2. I think i can guess what youre number 10 is going to be before u even put out the review of it!! We have all been long waiting for it.

  3. Good article over on 6moons, John.
    Liked your point about the $3000 dollar vinyl setup being needed to start to beat reasonably priced digital.
    I’m personally a digital fan, and I’m not sure the argument can’t go farther up the price scale.

    I’ve got a microRendu and an Uptone LPS-1 Power Supply – it costs under a grand, and fed from a server on my network to a good DAC – let’s say all of that in the $2000-$3500 range – I’m not sure it can’t beat a lot of $3000 and more vinyl setups. To my ears it does, even for some well over $3000. And I do like the sound of vinyl – just not as much as good digital.

    I’m not writing this to engage in the vinyl vs. digital argument – that’s pointless – but more to say a lot of the argument is just taste in SQ. Meaning some people really like the sound of vinyl, and some people really like the sound of good digital.

    I think often that’s all there is to it – personal preference.

  4. Hi John,

    Thanks for your 2016 favorites. I enjoy your saavy price/performance selections, and plan to purchase some of them to expand my sources. I could spend far more on hifi, and red wine, but for me it is very enjoyable to get 90% there for 30% of the big rigs/reds price.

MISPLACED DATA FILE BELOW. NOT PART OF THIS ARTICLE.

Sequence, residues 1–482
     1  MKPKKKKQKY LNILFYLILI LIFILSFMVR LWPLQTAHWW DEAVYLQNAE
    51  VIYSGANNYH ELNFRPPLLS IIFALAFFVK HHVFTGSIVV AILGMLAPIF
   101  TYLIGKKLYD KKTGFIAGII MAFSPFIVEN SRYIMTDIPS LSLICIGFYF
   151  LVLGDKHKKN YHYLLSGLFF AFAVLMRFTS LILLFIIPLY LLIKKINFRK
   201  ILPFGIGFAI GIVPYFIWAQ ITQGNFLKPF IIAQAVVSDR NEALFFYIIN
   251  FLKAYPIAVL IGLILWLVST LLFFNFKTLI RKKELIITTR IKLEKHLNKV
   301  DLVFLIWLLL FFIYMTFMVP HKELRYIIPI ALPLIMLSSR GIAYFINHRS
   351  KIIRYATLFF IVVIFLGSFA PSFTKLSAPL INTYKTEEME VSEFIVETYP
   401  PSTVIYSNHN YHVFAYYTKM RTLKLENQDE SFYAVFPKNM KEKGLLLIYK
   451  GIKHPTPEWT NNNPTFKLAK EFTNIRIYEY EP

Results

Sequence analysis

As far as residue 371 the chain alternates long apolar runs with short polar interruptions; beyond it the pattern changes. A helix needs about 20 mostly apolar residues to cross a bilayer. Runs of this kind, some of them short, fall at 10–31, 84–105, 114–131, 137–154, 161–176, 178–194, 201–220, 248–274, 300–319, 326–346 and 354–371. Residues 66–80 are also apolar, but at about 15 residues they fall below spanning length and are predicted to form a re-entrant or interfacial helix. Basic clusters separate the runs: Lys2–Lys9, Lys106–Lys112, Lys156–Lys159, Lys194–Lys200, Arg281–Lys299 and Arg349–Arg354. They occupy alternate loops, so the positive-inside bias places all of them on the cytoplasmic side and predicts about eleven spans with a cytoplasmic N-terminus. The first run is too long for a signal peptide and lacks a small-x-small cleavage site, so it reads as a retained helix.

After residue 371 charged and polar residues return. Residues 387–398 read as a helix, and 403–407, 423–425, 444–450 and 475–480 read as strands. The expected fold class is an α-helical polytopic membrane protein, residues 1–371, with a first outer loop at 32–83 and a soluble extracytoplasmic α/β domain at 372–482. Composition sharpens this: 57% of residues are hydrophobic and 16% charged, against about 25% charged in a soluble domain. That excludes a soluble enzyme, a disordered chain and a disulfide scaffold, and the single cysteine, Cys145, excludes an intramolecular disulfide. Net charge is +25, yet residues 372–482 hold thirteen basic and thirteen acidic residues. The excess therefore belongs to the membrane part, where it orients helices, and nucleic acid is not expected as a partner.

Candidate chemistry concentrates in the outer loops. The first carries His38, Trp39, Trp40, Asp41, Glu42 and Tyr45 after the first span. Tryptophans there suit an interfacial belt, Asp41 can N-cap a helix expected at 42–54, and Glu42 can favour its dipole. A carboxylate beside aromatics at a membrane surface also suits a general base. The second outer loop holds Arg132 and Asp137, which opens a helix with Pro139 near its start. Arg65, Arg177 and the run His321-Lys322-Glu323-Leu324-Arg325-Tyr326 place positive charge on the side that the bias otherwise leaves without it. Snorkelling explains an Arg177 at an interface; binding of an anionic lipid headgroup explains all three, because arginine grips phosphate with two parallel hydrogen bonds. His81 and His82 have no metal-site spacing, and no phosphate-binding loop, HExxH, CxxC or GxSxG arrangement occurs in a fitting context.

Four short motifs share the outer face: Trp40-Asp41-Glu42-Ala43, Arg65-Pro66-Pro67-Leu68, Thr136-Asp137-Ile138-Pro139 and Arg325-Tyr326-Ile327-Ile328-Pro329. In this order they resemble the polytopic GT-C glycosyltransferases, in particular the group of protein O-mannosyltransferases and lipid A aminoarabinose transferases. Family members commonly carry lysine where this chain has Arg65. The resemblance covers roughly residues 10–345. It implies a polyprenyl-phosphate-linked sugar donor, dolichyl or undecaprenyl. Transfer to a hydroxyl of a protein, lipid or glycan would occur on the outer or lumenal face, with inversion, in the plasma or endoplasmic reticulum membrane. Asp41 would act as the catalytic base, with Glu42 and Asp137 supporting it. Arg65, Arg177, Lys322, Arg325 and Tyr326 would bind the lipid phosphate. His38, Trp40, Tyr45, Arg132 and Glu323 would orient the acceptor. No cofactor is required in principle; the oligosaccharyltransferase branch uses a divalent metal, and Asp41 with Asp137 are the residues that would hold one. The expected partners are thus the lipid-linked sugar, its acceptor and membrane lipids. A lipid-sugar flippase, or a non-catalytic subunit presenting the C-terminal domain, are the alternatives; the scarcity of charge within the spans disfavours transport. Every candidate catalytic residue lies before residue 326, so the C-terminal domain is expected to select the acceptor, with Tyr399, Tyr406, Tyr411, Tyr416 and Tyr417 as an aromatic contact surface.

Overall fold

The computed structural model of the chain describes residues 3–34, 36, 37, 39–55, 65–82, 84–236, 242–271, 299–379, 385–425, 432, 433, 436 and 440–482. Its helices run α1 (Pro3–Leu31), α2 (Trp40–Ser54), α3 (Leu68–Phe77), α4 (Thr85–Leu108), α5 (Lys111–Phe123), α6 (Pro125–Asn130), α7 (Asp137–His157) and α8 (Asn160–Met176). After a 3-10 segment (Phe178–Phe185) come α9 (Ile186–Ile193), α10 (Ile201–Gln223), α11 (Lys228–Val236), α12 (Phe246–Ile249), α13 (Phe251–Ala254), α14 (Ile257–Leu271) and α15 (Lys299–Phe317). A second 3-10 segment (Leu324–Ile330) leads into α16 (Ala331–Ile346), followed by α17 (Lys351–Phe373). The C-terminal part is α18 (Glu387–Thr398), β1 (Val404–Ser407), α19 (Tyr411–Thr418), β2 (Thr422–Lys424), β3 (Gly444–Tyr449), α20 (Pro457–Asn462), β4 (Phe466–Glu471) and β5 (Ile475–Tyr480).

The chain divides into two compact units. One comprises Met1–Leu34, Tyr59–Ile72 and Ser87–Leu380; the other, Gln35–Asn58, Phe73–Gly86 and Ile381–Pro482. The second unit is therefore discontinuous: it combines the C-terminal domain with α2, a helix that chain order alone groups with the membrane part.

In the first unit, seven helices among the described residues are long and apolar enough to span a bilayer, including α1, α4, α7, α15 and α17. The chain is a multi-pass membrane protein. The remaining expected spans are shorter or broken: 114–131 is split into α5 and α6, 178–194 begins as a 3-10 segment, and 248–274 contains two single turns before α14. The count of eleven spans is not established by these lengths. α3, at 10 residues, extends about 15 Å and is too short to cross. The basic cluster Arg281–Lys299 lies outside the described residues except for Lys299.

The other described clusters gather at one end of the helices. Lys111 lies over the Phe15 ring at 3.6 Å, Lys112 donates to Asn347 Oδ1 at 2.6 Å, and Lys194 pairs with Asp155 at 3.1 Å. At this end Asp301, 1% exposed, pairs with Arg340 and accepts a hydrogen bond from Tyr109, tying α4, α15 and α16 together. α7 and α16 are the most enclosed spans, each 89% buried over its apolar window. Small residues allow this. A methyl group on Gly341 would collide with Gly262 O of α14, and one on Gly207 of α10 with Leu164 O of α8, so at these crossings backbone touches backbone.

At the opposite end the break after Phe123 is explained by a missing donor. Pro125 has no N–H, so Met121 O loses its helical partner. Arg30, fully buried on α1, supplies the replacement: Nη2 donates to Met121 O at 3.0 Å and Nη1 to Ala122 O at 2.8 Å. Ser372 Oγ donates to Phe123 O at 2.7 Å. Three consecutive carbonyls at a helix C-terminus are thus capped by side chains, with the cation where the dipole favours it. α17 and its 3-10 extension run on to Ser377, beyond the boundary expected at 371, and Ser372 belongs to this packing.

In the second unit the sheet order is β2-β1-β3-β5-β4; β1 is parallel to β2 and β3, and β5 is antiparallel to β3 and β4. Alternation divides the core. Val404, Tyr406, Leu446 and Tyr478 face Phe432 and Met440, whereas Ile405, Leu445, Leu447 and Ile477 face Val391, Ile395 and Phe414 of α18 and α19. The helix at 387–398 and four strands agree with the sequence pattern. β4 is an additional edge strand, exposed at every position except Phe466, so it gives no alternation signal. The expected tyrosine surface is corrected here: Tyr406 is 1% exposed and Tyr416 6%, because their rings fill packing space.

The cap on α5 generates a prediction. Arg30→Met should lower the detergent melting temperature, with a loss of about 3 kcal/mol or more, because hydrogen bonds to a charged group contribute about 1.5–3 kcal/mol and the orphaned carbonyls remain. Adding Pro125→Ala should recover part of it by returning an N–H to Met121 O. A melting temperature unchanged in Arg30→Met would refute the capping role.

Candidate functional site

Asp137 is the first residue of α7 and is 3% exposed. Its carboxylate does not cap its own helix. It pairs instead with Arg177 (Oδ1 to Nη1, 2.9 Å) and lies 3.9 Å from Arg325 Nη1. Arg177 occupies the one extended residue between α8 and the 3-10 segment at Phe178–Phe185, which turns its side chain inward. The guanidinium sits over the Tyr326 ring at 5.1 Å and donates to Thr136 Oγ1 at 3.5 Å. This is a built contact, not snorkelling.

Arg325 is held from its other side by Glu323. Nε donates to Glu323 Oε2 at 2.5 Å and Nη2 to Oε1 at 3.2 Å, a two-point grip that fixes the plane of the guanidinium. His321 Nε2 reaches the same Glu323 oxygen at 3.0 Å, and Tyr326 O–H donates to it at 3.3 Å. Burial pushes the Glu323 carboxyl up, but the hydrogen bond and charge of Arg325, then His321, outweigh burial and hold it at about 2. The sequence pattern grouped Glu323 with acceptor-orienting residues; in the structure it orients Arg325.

I bought my friend a Rega RP-1 with Performance pack (better belt, better cartridge) for Christmas. She was so excited to be spinning records through her new Sprout. (I talked her out of the VPI/Shinola as her first ‘table) Over the last two weeks, she has played exactly one album twice. Why? Because my lossless Ipod on shuffle is easier and sounds better. Happy New Year!

  5. Hi John, nice article as always. I can concur what you said about upgrading the Squeezeboxes. I added a better power supply and a reclocker and engaged USB out through one of my Touches and it’s great. Better than streaming through the Transporter, but not quite as good as my Bryston. You don’t always need to throw your old gear in the trash as u transition to better and better sound. It seems having a couple of good power supplies on hand and reclockers is something to keep in the mix trying new gear anyway. As for the Schiit Fulla 2 I like it better than my dap killing Dragonfly Red which is great. Performance for the masses if they want to try!

  6. Bravo Mr Darko for treading where few audiophiles do and where all audio manufacturers should.

    The single most important thing about an audio product is how it looks! Yes, that’s sacrilege for the audio community but it’s truth. With modern manufacturing processes it’s very difficult to build a product that sounds bad unless the technical design is poor. So if most Hi-Fi sounds good why would I settle for something that looks like crap? I wouldn’t and neither do the vast majority of casual music / audio fans.

    So well done on picking mostly affordable, one-box type solutions that don’t look like a dropped pie. I can only assume the Devialet integrated didn’t make the cut as it is several years old now, and rather pricey…?

    That Schitt is a looker too.

    P.S. Thanks for steering clear of any dubious tweaks.